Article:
BG: You and Nick played music together as children?

GD: Yes. Both my parents played the piano. I had a very musical aunt and uncle, as well. My aunt played the violin and viola, and my uncle played the piano, and my aunt and uncle and Nick would get together and play Mozart together when Nick was playing the clarinet. But Nick and I would also sing together. When we were little tiny children, we’d play the recorder and my mum would play the piano. We had music about us a lot in our lives.

BG: At a certain point you and Nick lost touch while pursuing your own careers?

GD: I think so, inevitably. There’s a four-year difference between us. I left school four years earlier than Nick and started out in the world and, you know, life is always exciting when you’re young and you’ve just left school and you’re going out and finding your own life. Inevitably you leave your family behind when you’re spreading your wings. The same happened when Nick left school. I was already starting on my career as an actor and he was going to university in France, meeting up with new friends, having new experiences. So inevitably to some extent, we were at our least close during those years.

Nevertheless when he was producing his first album Five Leaves Left, he shared a flat with me in London. But I didn’t really know what he was doing, to tell you the truth. He was out recording his music. I knew he was doing a record, but I had no idea how far he had progressed with it, until one day he suddenly came in and threw this record down on my bed! Which was an amazing revelation to me. [Chuckles]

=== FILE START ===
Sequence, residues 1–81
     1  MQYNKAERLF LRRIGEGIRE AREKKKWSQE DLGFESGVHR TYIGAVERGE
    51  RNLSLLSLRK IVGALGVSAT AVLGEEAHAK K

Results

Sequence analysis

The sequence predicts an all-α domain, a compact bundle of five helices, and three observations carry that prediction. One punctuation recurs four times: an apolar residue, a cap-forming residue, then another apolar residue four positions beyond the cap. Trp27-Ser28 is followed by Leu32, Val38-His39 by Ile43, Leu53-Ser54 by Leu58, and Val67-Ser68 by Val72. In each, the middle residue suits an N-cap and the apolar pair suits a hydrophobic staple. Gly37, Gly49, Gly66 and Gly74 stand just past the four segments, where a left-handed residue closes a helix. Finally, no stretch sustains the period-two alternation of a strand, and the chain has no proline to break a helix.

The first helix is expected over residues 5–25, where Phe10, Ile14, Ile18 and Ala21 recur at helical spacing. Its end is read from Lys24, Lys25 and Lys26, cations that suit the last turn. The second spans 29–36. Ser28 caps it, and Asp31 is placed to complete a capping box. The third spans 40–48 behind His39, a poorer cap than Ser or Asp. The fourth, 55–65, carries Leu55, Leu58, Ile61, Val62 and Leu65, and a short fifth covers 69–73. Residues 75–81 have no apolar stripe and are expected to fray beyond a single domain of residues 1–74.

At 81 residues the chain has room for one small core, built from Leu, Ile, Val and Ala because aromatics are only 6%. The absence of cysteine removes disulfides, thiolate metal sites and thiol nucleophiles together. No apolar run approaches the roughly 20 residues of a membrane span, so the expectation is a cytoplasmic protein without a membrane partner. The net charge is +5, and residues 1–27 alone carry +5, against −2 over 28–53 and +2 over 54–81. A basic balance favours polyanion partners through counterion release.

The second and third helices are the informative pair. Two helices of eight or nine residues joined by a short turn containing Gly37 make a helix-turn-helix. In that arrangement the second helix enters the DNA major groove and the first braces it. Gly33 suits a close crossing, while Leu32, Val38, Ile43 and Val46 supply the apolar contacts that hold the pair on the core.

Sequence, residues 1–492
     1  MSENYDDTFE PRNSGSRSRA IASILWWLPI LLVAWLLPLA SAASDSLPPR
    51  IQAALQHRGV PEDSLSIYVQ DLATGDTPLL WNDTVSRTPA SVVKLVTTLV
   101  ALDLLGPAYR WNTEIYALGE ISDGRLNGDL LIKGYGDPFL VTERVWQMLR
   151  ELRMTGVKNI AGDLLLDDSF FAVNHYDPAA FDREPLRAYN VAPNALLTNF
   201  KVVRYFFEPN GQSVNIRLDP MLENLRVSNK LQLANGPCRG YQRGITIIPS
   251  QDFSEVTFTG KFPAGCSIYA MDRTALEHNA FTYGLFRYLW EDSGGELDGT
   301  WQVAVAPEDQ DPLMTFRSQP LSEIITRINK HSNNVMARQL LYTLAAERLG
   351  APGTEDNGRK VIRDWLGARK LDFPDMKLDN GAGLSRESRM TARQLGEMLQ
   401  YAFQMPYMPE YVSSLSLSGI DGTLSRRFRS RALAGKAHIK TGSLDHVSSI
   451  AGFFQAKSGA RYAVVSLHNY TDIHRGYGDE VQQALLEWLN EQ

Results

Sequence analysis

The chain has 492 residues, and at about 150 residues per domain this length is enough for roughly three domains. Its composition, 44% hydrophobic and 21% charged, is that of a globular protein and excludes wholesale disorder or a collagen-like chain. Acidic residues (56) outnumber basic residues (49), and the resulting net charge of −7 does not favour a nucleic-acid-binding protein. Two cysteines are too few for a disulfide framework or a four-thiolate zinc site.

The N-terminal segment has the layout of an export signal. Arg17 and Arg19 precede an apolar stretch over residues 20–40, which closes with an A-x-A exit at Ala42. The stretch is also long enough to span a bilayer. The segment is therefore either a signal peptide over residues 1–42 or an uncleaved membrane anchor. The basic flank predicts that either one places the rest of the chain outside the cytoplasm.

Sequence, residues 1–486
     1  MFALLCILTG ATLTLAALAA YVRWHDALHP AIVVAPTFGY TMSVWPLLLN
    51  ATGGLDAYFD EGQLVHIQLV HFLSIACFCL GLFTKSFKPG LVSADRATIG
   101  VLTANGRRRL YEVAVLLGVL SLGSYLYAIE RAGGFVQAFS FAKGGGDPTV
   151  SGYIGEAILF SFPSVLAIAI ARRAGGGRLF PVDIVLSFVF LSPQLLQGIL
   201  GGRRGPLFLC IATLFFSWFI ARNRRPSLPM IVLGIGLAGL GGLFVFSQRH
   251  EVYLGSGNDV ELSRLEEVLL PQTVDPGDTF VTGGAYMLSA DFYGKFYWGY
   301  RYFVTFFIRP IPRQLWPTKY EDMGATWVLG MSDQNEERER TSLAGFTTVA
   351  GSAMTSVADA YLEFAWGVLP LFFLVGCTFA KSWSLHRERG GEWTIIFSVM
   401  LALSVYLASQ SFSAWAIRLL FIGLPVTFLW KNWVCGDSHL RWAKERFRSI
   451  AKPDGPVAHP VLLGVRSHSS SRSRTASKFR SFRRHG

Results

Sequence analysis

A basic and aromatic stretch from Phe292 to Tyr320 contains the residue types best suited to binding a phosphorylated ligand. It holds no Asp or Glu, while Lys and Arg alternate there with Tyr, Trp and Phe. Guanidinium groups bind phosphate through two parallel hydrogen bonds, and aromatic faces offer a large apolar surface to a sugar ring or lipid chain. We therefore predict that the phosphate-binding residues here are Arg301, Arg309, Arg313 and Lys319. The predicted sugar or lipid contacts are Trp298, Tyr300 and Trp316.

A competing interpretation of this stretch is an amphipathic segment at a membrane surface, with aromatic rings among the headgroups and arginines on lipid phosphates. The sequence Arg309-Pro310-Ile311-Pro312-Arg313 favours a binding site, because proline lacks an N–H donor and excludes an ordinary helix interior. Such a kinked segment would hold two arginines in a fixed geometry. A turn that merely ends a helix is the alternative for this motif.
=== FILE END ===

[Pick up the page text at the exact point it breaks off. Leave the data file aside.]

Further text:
BG: What did you think of his music at the time?

GD: I always loved it. I think my family and I always felt like we loved it but we distrusted our own feelings because we thought it was just family loyalty.

BG: Did you feel like it was criminally unrecognized at the time?

GD: Well, I was in a profession also where it’s quite difficult to get recognition, so I understood. I always felt like Nick would eventually get recognition. I felt like it was slow coming and I thought it was almost inevitable, really. I felt like he was doing well but that already depression had set in by the time he was doing his third album and he was down in the depths of despair - and so really fame and recognition were the least of our problems with Nick. We really just wanted to get him better. We knew it was a disappointment for him, but I don’t think it was a major factor in his depression. It was something else - it was a clinical depression.